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20 December 2016

Zsa Zsa Gabor (1917-2016)

Last Sunday, Hungarian-born actress Zsa Zsa Gabor died of heart failure, aged 99. She sparkled brightly for over 60 years as a symbol of continental glamour and mystery. Her main period in the cinema was in the 1950s, with as a highlight Moulin Rouge (1952), but Gabor was better known for her nine marriages and countless personal appearances on talk shows and in gossip magazines.

Zsa Zsa Gabor in 3 Ring Circus (1954)
Vintage postcard, no. 2054. Photo: publicity still for 3 Ring Circus (Joseph Pevney, 1954).

Queen of Outer Space


Zsa Zsa Gabor was born Sári Gábor in 1917, in Budapest, then part of the Austro-Hungarian Empire (now Hungary). Her parents were Jolie Gabor (née Janszieka Tilleman, Countess de Szigethy) and Major Vilmos Gabor (a Hungarian officer, born Farkas Miklós Grün), both from Jewish families. They named her after Sári Fedák, who was at the time Hungary's most celebrated actress. Her siblings were socialite Magda Gabor and actress Eva Gabor.

Her mother was wealthy. Zsa Zsa studied at a Swiss boarding school in the 1930s. She was discovered by famous operatic Richard Tauber on a trip to Vienna in 1934. He invited her to sing the soubrette role in his new operetta, Der singende Traum (The Singing Dream), at the Theater an der Wien. After spending three months at the Vienna Acting Academy, Gabor made her stage debut.

In this period she was crowned Miss Hungary in 1936, according to Wikipedia. But this is an error. Marlene Pilaete of La Collectionneuse mails me: "Zsa Zsa Gabor took part in the Miss Hungary contest in 1933, not in 1936. The event took place in January 1933 and she finished second. Later, in her 1960 book My Story, she claimed that the jury had first chosen her as Miss Hungary but had demoted her to the second place when they learned that she was not yet sixteen years old. Personally, I’m cautious about her explanation and I’m wondering if Zsa Zsa, being upset about finishing at the second place, has not altered the truth a little bit. Let’s just stick to the facts: Zsa Zsa was placed second at the 1933 Miss Hungary contest, whatever the reason."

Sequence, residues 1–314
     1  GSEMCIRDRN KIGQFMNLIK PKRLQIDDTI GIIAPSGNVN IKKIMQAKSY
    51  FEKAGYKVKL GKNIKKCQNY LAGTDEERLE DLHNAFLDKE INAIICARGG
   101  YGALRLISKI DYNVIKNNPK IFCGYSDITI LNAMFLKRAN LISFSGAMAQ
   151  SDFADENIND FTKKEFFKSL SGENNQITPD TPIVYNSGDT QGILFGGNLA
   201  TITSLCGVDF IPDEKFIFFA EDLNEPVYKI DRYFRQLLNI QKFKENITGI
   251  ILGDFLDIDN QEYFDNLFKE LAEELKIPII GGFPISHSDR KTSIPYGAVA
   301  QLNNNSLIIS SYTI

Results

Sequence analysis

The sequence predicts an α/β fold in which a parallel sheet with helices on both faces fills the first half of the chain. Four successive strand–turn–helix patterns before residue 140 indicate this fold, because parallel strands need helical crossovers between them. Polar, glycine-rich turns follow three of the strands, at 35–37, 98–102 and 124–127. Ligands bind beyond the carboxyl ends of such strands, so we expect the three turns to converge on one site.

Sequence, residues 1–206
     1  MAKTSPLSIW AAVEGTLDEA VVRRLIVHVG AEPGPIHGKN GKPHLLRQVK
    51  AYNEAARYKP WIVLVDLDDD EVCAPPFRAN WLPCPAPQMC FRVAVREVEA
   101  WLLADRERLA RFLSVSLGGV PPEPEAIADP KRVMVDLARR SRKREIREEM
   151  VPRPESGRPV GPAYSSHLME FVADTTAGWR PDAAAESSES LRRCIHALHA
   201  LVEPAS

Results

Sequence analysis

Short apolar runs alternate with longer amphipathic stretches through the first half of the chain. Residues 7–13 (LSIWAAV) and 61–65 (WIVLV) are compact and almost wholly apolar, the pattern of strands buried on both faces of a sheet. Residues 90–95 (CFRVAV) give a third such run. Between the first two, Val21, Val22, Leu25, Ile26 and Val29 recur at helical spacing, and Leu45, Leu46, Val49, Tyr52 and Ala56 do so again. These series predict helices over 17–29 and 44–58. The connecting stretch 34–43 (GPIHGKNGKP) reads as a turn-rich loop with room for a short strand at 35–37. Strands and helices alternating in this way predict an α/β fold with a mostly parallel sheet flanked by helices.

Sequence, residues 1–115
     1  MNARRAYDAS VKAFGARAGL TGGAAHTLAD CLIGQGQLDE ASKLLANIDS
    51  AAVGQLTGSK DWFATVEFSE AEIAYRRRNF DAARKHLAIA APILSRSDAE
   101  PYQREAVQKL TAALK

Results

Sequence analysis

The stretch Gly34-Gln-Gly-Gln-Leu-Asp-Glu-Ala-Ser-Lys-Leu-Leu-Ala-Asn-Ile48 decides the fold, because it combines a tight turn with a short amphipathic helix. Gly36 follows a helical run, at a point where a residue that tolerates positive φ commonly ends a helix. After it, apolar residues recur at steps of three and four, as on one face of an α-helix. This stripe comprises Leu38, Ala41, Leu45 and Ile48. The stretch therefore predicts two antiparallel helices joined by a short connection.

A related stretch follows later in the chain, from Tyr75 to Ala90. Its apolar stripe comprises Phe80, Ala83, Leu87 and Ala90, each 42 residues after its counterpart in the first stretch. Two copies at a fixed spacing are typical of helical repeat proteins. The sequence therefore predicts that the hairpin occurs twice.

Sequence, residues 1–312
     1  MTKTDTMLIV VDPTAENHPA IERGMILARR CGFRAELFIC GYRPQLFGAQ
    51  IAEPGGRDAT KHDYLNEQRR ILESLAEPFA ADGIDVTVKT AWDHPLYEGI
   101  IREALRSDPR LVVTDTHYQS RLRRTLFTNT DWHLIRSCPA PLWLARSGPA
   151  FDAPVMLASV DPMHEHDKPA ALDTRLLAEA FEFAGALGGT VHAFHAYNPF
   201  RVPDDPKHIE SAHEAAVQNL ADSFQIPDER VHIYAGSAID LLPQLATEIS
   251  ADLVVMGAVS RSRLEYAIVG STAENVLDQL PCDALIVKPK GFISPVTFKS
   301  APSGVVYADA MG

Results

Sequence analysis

In 1937, she married her first husband, 35-year-old Turkish government official Burhan Asaf Belge. Eventually she followed her sister Eva to the USA. Zsa Zsa arrived in Hollywood in 1941 with a letter of introduction to Basil and Ouida Rathbone, who granted her admittance into the upper echelons of Hollywood society. In 1944, her mother escaped from Nazi-occupied Budapest, also settling in the USA. One evening at the nightclub Ciro’s, Zsa Zsa met Conrad Hilton and soon the radiant, beautiful blonde married the hotel magnate.